About This Blog
A blog about my life, universe, etc. At any given time you might find something endlessly interesting or just me ruminating on something else, which no one (not even myself) finds interesting. That's the way blogs go, I suppose. Anyway, I was eleventh in line, and you weren't. Hah!

About Me
Columbus, OH
Political Score:
Temp @ JPMorgan Chase
Ohio State University
Political Science, International Studies
High School: Home Educated
Reading, standing in line for things, writing, research

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My mom is a
lawyer in Pickerington; my stepdad and dad are computer guys, and my stepmom (who works with my dad) is an engineer. My sisters are, in order of age, a photographer, an artist, and a person too young to have her own website. My brothers are, in order of age, living up north, and again, a person too young to have a website. At some point soon I'll be collecting links for my aunts, uncle, and cousins. ^_^

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My Novel: Cipere Lumen

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My Novel: sul Okyar tir taTz'ileea

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Friday, September 10, 2004
Forgery of Bush Documents? Maybe...  
This story is all over the blogosphere today. It's at LGF, the Command Post, and of course, PowerLine, where it all started (as far as I can tell). Special thanks, as always, to the InstaPundit, who tipped me off (may he stay at the top of my MyYahoo! forever ^_^). Thank goodness for RSS.

LGF superimposed a Word typed version of the document and the PDF from CBS (oh yeah, should link to them too, eh), and they matched almost perfectly (see the LGF link above for the images). InstaPundit has more on the various angles of this story, as always. My take? Cautious pessimism (I for one don't think it's a good day when media giants are revealed to be bad actors in the political arena; I'd be a lot happier if these things were true documents, because I don't think that if they were true, they'd be very relevant to the Bush campaign, which already admits that Bush's behavior in the 1970s wasn't what it could have been).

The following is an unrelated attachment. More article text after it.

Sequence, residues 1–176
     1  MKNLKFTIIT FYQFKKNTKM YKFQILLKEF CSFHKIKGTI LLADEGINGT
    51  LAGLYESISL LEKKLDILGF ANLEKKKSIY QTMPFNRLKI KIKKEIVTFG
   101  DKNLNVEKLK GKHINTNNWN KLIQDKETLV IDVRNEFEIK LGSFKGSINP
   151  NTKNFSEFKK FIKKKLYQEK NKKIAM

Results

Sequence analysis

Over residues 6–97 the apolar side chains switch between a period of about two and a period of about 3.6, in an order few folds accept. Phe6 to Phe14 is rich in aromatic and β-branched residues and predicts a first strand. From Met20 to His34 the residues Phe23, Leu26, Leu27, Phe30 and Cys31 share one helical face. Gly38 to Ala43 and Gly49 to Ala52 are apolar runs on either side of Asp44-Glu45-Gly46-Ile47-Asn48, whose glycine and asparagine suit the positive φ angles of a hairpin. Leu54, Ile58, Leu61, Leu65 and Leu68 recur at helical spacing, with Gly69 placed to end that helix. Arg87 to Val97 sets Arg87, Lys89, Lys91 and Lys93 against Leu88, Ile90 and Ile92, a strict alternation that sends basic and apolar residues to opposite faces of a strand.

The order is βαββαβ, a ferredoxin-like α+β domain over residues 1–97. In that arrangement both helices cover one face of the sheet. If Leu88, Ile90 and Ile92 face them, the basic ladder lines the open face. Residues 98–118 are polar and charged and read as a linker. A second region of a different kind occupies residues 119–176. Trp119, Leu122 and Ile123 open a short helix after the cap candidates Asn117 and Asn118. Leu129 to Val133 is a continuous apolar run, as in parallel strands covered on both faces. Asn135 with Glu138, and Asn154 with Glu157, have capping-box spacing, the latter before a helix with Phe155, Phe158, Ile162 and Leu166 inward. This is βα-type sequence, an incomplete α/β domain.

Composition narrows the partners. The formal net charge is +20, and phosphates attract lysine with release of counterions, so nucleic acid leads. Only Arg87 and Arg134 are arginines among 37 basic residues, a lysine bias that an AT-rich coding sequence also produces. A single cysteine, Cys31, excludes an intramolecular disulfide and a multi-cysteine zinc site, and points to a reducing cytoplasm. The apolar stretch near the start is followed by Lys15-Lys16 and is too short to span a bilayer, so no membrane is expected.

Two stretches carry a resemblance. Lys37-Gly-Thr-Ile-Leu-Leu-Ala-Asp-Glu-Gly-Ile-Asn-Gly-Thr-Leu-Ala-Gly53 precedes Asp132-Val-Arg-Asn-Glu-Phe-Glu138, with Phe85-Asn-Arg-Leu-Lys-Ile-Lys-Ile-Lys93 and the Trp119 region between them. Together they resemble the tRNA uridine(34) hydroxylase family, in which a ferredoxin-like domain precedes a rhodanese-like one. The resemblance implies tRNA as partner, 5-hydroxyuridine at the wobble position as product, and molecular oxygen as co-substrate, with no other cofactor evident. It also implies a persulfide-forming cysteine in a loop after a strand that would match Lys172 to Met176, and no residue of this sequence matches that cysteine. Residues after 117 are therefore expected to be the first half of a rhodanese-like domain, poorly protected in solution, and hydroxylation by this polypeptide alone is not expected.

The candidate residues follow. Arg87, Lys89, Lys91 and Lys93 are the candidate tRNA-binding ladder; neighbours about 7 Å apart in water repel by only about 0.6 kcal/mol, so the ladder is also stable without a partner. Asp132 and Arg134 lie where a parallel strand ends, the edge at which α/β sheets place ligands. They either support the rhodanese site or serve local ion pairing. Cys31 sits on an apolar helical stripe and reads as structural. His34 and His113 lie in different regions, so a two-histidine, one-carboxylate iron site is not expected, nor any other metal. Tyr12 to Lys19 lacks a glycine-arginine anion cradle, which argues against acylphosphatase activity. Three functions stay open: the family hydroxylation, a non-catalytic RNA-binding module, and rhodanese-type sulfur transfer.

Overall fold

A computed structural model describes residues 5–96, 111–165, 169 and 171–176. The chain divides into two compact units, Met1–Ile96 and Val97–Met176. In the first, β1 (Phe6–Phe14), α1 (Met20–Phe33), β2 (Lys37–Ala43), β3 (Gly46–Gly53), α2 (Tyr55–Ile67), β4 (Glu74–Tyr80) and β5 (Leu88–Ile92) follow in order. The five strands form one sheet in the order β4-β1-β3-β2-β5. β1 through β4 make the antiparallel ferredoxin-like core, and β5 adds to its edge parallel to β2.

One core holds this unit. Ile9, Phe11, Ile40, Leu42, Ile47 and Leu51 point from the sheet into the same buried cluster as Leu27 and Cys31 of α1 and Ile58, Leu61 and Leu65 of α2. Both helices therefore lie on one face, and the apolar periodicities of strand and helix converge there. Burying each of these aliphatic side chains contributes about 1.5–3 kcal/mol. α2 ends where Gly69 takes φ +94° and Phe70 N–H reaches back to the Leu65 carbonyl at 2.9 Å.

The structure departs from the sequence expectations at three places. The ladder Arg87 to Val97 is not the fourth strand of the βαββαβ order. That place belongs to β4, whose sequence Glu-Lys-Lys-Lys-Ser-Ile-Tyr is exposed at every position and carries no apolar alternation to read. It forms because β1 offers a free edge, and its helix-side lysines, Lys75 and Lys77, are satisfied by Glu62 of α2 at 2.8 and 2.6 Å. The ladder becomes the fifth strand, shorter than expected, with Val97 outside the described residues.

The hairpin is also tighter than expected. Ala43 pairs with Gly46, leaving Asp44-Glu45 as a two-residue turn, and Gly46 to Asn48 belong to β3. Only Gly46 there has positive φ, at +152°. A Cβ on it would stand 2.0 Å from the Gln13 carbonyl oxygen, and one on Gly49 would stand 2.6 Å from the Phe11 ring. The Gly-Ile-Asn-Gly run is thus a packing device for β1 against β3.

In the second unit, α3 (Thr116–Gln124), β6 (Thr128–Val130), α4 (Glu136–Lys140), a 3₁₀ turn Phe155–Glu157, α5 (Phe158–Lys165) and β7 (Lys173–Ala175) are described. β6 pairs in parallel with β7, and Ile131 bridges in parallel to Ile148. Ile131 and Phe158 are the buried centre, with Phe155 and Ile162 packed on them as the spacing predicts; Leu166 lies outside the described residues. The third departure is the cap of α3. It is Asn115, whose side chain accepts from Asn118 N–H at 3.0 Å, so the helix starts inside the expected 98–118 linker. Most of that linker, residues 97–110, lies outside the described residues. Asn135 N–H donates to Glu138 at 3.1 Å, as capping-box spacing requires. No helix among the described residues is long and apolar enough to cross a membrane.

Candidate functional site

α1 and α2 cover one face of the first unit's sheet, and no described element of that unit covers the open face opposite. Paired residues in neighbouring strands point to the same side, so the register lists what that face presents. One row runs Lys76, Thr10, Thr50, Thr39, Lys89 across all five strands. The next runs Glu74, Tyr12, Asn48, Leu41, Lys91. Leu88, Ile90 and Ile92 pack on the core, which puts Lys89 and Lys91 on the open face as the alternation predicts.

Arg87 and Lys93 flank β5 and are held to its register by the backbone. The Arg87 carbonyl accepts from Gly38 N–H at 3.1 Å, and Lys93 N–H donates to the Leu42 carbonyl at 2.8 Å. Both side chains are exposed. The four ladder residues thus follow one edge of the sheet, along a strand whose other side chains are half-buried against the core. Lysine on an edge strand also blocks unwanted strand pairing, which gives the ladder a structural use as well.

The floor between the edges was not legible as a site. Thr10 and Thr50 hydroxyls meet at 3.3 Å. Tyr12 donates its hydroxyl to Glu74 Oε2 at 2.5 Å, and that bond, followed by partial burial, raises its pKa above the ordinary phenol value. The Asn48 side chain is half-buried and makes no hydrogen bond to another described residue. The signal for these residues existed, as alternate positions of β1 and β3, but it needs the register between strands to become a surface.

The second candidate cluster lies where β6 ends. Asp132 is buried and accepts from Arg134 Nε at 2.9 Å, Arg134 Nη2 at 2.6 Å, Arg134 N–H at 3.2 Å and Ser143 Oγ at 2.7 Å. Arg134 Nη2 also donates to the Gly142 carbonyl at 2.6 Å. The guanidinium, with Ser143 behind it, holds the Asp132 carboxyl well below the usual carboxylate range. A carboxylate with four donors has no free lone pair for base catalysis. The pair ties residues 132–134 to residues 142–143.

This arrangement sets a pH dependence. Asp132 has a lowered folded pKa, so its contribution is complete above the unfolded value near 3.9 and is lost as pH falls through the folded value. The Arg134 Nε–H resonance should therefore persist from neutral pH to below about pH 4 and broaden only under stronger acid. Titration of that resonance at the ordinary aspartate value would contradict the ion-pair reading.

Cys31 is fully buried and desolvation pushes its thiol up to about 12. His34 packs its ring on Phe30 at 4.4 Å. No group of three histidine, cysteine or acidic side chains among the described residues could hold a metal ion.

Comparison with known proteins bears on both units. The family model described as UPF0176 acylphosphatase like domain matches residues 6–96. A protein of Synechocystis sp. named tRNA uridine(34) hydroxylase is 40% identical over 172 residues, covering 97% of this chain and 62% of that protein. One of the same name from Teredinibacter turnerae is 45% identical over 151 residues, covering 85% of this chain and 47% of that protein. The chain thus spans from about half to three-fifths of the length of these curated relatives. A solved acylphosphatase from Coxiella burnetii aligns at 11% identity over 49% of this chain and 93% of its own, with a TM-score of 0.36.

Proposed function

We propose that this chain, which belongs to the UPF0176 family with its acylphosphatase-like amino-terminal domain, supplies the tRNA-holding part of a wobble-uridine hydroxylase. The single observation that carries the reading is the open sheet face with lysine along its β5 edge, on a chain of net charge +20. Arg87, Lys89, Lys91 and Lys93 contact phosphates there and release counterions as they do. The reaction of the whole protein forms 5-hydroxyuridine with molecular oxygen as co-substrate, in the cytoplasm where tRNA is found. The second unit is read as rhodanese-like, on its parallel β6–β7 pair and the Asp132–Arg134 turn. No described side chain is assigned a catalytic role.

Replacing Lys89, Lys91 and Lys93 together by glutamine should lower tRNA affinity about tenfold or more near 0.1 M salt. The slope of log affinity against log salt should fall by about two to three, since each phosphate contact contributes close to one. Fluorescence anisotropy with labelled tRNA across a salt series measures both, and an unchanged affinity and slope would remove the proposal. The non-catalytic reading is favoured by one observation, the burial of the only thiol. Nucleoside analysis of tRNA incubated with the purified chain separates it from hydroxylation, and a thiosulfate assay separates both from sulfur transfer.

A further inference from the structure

I posted this comment to LGF, in any case:

I'm curious, has anyone attempted to come up with a good set of arguments that would suggest these aren't forgeries? First rule of debate team, know what the other side's arguments will be. In this case, what will CBS say when they stop with the "we stand by our sources" nonsense? I'm fighting any urges to get excited about this until things play out more; this is serious stuff.

Anyway, some research/factoids/things to consider:

-- National guard units drill on Saturdays. And Sundays. That's kind of the thing with the National Guard (one weekend a month, two weeks a year); don't assume that there wouldn't be a secretary or some drilling reservist who could type stuff (not saying that they did, just saying it's not strictly impossible)
-- the 111th Texas ANG (via http://www.ang.af.mil/units/angsites.asp?state=TX) is currently at 14657 Sneider St, Houston TX 77034; 281-929-2544.
-- FWIW (not that much, probably), after a few years as a Sea Cadet drilling with the Navy Reserve, being the stepkid of an Army (then Navy, then Army) Reservist, assistant genealogical researcher, and past intern doing research on how the US Information Agency was established in the 1970s (I also did some records management stuff in the City of Anaheim with documents from the same era) I take a look and these documents just smell wrong. They don't even look like things I got in Army ROTC, from my commander and instructors, in 1997, for heaven's sake. And has anyone been in the national guard before? You don't exactly get the best available equipment and resources...
-- on dates: in a lot of records settings, including genealogy, the ##MON## (or now, ##MON####) is preferred, because it ensures zero confusion amongst the three variables (day, month, year), and it eliminates the potential of apostrophes and commas turning into "1". Commas are the bane of researchers. Death to commas. :)It's ingrained in me just from doing genealogy to never use commas in dates -- I can't see someone who's made it to LTCOL who would use them, especially in actual military correspondence/memos.

I liked the analysis here. Anyway, the Washington Post will have it on the front page tomorrow, according to InstaPundit, so it appears the developments will be out in the open starting tomorrow.


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Because only so many people can be eleventh in line.